Binding Mode Exploration of B1 Receptor Antagonists’ by the Use of Molecular Dynamics and Docking Simulation—How Different Target Engagement Can Determine Different Biological Effects
Dompé Farmaceutici SpA, via Campo di Pile, 67100 L’Aquila, Italy
Axxam, Via Meucci 3, Bresso, 20091 Milano, Italy
Ceinge Biotecnologie Avanzate, via G. Salvatore 486, 80145 Napoli, Italy
Department of Pharmacy, University of Naples “Federico II”, via D. Montesano, 49, 80131 Napoli, Italy
Author to whom correspondence should be addressed.
Int. J. Mol. Sci. 2020, 21(20), 7677; https://doi.org/10.3390/ijms21207677
Received: 26 August 2020 / Revised: 10 October 2020 / Accepted: 12 October 2020 / Published: 16 October 2020
(This article belongs to the Special Issue New Avenues in Molecular Docking for Drug Design 2020)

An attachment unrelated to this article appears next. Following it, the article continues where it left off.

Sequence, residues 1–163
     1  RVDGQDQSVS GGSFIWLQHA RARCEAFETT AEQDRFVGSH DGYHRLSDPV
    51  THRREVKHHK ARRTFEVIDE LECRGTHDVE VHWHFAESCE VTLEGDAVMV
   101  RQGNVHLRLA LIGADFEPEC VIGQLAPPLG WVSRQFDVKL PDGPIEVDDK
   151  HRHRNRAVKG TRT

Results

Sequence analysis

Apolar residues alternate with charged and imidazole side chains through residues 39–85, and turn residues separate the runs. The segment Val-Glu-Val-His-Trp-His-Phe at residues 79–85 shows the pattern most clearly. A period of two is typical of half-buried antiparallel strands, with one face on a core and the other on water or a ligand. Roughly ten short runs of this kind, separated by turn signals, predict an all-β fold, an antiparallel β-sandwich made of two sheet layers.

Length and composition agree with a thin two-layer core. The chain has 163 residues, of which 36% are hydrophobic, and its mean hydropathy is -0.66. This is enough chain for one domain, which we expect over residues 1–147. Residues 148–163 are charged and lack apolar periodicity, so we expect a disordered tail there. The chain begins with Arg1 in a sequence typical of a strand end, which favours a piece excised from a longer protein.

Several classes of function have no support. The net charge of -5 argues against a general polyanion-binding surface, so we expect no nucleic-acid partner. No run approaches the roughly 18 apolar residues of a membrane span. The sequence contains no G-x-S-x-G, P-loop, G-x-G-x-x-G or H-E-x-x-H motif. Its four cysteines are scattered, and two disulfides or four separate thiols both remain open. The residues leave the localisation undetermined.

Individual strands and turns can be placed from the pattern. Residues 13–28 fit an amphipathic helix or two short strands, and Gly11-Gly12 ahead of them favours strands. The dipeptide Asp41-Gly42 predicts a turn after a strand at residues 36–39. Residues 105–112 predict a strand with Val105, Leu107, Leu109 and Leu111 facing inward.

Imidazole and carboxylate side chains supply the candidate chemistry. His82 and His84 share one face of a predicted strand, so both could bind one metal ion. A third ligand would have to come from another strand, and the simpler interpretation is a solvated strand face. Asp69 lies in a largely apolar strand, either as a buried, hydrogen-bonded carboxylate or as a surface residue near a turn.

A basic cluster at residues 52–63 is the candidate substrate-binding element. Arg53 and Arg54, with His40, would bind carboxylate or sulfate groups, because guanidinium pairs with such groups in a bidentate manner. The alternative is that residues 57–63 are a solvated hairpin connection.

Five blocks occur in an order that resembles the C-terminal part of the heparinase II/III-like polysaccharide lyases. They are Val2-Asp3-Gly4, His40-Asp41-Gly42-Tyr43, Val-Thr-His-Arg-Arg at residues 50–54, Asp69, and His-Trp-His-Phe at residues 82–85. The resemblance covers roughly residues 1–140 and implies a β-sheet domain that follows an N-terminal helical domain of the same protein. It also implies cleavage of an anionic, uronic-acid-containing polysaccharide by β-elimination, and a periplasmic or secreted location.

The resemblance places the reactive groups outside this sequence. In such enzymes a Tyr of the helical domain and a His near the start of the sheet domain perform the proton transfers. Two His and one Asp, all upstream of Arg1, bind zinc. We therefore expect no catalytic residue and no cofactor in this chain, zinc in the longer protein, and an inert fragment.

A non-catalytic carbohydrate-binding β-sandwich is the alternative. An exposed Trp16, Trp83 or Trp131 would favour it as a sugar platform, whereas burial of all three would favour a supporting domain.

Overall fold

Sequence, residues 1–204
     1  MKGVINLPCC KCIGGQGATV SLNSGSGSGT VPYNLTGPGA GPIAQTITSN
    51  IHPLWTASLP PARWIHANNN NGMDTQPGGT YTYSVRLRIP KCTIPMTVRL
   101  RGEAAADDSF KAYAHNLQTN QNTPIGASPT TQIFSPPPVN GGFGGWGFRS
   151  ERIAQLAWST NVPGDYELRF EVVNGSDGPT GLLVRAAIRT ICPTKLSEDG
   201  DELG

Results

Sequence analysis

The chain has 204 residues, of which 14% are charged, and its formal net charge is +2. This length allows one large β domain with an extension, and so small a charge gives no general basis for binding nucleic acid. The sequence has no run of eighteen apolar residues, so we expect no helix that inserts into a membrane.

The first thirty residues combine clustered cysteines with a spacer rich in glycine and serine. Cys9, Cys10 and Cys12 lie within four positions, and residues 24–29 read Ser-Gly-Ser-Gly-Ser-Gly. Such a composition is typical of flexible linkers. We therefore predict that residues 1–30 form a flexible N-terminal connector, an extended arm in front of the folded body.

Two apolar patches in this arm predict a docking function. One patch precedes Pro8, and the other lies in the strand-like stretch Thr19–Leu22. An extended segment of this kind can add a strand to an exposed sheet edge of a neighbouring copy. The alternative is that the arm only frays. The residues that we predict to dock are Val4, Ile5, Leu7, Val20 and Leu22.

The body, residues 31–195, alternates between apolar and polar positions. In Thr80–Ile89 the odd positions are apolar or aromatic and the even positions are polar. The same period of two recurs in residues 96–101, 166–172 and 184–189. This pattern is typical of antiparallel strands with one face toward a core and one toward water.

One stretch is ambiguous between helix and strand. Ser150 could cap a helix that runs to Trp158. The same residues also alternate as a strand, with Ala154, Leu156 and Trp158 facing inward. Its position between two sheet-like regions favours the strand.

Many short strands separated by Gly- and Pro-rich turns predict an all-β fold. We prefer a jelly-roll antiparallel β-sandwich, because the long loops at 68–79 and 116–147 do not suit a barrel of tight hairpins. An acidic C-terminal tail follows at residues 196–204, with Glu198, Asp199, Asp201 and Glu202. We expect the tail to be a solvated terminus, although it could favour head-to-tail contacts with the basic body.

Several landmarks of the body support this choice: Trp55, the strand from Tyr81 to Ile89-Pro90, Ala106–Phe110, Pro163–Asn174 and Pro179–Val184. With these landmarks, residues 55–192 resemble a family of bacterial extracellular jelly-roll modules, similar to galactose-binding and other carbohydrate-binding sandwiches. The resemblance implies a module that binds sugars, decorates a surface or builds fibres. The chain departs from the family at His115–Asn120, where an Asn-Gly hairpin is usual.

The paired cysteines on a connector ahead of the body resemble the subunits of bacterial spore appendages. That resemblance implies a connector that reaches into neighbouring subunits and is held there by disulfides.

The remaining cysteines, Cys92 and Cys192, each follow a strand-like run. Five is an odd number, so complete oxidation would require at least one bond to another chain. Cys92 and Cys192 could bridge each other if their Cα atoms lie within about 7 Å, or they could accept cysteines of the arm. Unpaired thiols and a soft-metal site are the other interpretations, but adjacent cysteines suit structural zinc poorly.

The kinin B1 receptor plays a critical role in the chronic phase of pain and inflammation. The development of B1 antagonists peaked in recent years but almost all promising molecules failed in clinical trials. Little is known about these molecules’ mechanisms of action and additional information will be necessary to exploit the potential of the B1 receptor. With the aim of contributing to the available knowledge of the pharmacology of B1 receptors, we designed and characterized a novel class of allosteric non-peptidic inhibitors with peculiar binding characteristics. Here, we report the binding mode analysis and pharmacological characterization of a new allosteric B1 antagonist, DFL20656. We analyzed the binding of DFL20656 by single point mutagenesis and radioligand binding assays and we further characterized its pharmacology in terms of IC50, B1 receptor internalization and in vivo activity in comparison with different known B1 antagonists. We highlighted how different binding modes of DFL20656 and a Merck compound (compound 14) within the same molecular pocket can affect the biological and pharmacological properties of B1 inhibitors. DFL20656, by its peculiar binding mode, involving tight interactions with N114, efficiently induced B1 receptor internalization and evoked a long-lasting effect in an in vivo model of neuropathic pain. The pharmacological characterization of different B1 antagonists highlighted the effects of their binding modes on activity, receptor occupancy and internalization. Our results suggest that part of the failure of most B1 inhibitors could be ascribed to a lack of knowledge about target function and engagement.